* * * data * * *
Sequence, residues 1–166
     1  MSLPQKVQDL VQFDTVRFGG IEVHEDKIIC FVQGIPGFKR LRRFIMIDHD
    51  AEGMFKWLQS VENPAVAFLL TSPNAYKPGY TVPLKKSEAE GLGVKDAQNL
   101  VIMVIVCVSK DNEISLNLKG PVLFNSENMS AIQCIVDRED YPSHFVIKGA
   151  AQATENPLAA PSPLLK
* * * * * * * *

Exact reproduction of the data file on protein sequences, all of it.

Sequence, residues 1–166
     1  MSLPQKVQDL VQFDTVRFGG IEVHEDKIIC FVQGIPGFKR LRRFIMIDHD
    51  AEGMFKWLQS VENPAVAFLL TSPNAYKPGY TVPLKKSEAE GLGVKDAQNL
   101  VIMVIVCVSK DNEISLNLKG PVLFNSENMS AIQCIVDRED YPSHFVIKGA
   151  AQATENPLAA PSPLLK